Post Script: The Farm – Tom Rob Smith

The Farm

The Farm

Tom Rob Smith

Simon &Schuster

A CBS Company

ISBN: 9781847375704

 

 

 

Description:

Until the moment he received a frantic call from his father, Daniel believed his parents were headed into a peaceful, well-deserved retirement. They had sold their home and business in London, and said “farewell to England” with a cheerful party where all their friends had gathered to wish them well on their great adventure: setting off to begin life anew on a remote, bucolic farm in rural Sweden.

 

But with that phone call, everything changes. Your mother’s not well, his father tells him. She’s been imagining things–terrible, terrible things. She’s had a psychotic breakdown, and has been committed to a mental hospital.

 

Daniel prepares to rush to Sweden, on the first available flight the next day. Before he can board the plane, his father contacts him again with even more frightening news: his mother has been released from the hospital, and he doesn’t know where she is.

 

Then, he hears from his mother:

 

I’m sure your father has spoken to you. Everything that man has told you is a lie. I’m not mad. I don’t need a doctor. I need the police. I’m about to board a flight to London. Meet me at Heathrow.

 

Caught between his parents, and unsure of who to believe or trust, Daniel becomes his mother’s unwilling judge and jury as she tells him an urgent tale of secrets, of lies, of a horrible crime and a conspiracy that implicates his own father.

 

 

My View:

This was a very compelling and thought provoking read that defies you to place it in a neat  box – it is part psychological thriller, it is part contemporary fiction, part crime fiction.  Time wise it defies you to tie it down to just one point of reference; it is about the present, it is about the immediate past (the past few months) and it is about a life time ago; 1963 when Daniel’s mother was a sixteen year old girl. Settings swap between rural Sweden and busy London. This is a difficult read to categorise and that adds to its charm.

 

This novel will have you questioning everything you  think know about self,  family, personal history… of memories, whose version of our life do we carry with us? What lies do we live with and do we tell? This is an intriguing narrative. When there is conflict/relationship break down in a family whose side do we chose? Indeed do we need to choose? In this instance it is apparent that we need to, or rather Daniel needs to, and his mother says she will disown him if he does not commit fully to her story.  She is unbending – it is an all or nothing decision.  How often do we hear this story in family breakdowns? How do the children ( even an adult child in this case) cope?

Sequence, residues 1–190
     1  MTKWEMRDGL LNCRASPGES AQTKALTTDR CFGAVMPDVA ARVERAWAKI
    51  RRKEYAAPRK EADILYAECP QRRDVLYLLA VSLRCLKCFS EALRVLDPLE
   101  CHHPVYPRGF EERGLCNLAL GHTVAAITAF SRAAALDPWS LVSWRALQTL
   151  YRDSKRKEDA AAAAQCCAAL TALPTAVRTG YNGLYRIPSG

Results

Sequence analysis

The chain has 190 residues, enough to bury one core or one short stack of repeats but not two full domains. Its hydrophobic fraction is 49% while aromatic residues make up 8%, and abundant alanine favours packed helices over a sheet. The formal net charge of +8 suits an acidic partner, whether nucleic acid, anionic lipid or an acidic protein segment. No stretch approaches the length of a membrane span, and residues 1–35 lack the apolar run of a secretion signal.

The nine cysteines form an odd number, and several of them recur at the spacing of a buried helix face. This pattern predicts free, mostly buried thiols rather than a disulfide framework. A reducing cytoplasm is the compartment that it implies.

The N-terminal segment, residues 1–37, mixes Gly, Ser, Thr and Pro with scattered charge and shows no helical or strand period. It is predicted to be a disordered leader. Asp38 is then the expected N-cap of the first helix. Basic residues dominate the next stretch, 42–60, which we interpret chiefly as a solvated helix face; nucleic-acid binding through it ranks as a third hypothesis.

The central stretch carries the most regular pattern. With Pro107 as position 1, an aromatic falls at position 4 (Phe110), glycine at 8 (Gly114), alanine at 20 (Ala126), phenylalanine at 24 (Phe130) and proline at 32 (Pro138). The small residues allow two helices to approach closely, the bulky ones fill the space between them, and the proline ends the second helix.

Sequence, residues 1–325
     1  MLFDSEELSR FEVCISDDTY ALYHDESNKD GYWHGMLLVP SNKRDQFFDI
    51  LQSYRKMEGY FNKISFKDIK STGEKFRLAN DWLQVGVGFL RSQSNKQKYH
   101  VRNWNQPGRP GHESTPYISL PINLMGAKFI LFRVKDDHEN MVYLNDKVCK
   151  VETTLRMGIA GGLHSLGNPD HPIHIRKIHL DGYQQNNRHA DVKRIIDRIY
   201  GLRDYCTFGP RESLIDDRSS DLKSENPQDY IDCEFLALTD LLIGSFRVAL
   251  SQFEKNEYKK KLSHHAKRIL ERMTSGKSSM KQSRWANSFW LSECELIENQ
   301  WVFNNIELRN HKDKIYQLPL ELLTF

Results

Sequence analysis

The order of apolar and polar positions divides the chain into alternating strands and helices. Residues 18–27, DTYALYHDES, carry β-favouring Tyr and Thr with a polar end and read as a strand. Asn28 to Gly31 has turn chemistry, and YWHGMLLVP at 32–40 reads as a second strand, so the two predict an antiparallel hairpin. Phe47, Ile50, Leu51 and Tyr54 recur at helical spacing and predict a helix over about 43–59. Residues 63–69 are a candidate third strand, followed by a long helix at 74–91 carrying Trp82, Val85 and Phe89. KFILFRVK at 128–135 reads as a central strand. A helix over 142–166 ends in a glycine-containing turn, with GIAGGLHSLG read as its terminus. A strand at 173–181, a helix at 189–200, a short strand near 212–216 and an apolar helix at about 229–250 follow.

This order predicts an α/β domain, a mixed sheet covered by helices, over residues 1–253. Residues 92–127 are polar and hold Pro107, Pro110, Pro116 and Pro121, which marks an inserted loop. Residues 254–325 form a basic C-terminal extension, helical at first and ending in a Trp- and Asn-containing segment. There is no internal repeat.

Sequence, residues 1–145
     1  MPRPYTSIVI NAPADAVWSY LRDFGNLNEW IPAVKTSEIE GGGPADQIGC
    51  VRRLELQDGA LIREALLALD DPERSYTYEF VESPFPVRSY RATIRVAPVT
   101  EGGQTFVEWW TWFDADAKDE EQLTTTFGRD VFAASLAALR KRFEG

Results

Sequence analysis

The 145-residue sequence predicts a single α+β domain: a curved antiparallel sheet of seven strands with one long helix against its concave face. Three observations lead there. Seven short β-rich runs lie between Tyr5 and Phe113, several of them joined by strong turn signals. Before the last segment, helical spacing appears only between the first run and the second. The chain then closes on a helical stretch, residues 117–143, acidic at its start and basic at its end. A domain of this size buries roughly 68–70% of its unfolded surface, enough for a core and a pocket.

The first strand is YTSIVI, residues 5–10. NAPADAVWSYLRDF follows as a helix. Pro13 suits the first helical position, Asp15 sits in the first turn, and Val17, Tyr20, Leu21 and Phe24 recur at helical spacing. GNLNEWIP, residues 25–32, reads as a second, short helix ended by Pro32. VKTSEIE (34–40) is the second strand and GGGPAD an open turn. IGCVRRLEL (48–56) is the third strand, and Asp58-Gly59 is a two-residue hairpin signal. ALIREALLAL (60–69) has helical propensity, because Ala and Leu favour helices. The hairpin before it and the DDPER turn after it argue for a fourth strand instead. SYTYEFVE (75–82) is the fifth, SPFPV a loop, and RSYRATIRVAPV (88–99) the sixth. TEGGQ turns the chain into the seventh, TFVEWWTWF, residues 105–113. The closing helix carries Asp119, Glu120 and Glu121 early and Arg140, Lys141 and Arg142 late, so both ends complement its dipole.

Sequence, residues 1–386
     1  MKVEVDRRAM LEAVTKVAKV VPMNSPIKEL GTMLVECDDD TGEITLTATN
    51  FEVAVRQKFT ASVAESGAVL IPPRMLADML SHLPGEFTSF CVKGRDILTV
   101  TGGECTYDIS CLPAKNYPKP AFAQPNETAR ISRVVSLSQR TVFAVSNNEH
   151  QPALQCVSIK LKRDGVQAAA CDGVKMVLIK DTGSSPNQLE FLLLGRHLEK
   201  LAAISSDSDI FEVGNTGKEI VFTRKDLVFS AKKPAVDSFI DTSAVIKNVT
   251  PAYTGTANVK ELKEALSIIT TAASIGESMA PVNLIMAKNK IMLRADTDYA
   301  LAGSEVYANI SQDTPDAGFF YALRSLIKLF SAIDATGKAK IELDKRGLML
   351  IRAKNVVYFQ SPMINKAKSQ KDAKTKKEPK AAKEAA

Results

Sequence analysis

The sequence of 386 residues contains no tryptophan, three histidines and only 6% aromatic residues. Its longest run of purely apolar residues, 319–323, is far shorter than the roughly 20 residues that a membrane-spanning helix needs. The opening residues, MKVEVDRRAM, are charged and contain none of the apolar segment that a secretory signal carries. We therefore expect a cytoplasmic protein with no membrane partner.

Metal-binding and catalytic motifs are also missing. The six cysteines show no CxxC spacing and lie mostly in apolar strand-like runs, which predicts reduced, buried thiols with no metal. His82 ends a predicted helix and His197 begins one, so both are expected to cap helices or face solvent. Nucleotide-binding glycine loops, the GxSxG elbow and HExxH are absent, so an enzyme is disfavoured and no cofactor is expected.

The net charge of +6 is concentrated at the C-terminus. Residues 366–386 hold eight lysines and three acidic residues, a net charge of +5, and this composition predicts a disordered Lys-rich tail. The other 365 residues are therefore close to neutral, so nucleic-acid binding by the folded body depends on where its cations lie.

This is a complex novel that picks at an emotional scab revealing new wounds and old scars. Gender discrimination and power imbalances are laid open. Bullying, in the home, the community and in the vestibules of all places of male dominated infrastructure / hierarchies are laid bare for all to examine or at least to acknowledge. The issue of sexual abuse is eventually teased out into the open. This is a very intense read.

 

And lastly we but not least we get to inspect and consider the issues of mental health from a victims perspective; how the sins of the past affect the present and how small mental injuries – social snubs, gossip, exclusive behaviours, conjure up sinister intent. The signs are all around us if we want to read them.

 

And this is a well written, tightly constructed novel that is not without hope. A compelling read.

 

 

 

 

 

 

 

 

Post Script: The One Plus One – Jojo Moyes

The One Plus One

Jojo Moyes

Penguin Books Australia

Michael Joseph

ISBN: 9780718177003

 

Description:

Suppose your life sucks. Your husband has done a vanishing act, your stepson is being bullied and your daughter has a once in a lifetime opportunity . . . that you can’t afford to pay for.

So imagine you found and kept some money that didn’t belong to you, knowing it would pay for your daughter’s happiness.

But how do you cope with the shame? Especially when the man you’ve lied to decides to help you out in your hour of need . . .

Jess is in hell – Ed has saved her family – but is their happiness worth a lifetime’s soul-searching?

My View:

I haven’t read a book by Jojo Moyes before so reading this book was  a bit like  making a cake  without the recipe in front of you – you have an idea of what you might be tasting, what the finished product will be like; you have a lot of ingredients, you know basically what you need to put in – a bit of drama, a bit of hope, and separated mum who loses her job, add more drama, add  a couple of loving quirky kids trying to find their  way, add a handsome single guy in lots of trouble, and a farty dog , mix the lot together is a big pan ( or small car in this  case) and cook.  What you end up with is a multi-layered extravaganza that is delicious, beguiling and satisfying.

Must be read with a glass of chocolate port and a wedge of chocolate cake.

Post Script: The Woman Before Me: Ruth Dugdall

The Woman Before Me

Ruth Dugdall

Legend Press

ISBN: 9781909593619

Description:

Winner of the CWA Debut Dagger and the Luke Bitmead Bursary

Shortlisted for The New Angle Book Prize, The People’s Book Prize and the Brit Writer’s Novel Award.